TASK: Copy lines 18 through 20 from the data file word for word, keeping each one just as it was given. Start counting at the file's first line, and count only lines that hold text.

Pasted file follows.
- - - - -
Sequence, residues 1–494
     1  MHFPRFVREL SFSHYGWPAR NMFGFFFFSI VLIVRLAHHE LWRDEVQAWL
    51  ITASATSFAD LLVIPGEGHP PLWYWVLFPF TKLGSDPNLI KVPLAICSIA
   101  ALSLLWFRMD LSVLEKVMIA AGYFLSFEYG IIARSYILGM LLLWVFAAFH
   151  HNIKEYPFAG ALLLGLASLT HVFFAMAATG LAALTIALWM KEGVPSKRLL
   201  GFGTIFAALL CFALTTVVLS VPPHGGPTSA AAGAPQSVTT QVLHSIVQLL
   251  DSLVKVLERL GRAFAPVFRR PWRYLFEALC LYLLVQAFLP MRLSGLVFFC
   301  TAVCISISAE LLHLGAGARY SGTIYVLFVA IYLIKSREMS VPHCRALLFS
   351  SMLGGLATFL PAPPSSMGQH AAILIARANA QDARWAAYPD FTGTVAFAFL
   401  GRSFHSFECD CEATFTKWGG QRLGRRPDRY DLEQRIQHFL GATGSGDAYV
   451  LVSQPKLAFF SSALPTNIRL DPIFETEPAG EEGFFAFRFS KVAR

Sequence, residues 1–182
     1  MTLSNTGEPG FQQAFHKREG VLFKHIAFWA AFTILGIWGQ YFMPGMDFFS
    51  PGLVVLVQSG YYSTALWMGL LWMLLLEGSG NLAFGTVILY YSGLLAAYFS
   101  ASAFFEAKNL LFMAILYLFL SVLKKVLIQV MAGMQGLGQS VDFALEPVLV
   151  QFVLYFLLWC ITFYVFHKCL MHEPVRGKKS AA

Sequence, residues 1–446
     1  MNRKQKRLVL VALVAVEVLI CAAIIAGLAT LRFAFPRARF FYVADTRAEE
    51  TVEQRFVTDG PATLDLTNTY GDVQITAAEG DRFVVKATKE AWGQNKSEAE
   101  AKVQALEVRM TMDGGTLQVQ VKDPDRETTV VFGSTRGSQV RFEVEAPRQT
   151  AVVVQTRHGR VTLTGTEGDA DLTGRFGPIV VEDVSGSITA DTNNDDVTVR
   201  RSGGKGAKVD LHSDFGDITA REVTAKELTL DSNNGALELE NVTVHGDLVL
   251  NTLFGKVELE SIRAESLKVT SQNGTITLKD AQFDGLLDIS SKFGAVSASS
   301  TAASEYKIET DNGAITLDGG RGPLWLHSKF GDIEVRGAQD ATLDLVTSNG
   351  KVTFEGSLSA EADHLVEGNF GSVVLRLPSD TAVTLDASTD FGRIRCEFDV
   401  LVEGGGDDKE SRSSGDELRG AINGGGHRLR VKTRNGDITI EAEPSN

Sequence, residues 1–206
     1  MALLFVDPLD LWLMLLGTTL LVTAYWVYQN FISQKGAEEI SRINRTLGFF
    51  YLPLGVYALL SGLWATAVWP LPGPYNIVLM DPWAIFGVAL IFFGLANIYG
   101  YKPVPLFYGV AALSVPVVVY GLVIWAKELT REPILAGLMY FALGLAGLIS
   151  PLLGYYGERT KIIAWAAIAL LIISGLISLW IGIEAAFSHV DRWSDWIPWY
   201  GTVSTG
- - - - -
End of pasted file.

     1  MNRKQKRLVL VALVAVEVLI CAAIIAGLAT LRFAFPRARF FYVADTRAEE
    51  TVEQRFVTDG PATLDLTNTY GDVQITAAEG DRFVVKATKE AWGQNKSEAE
   101  AKVQALEVRM TMDGGTLQVQ VKDPDRETTV VFGSTRGSQV RFEVEAPRQT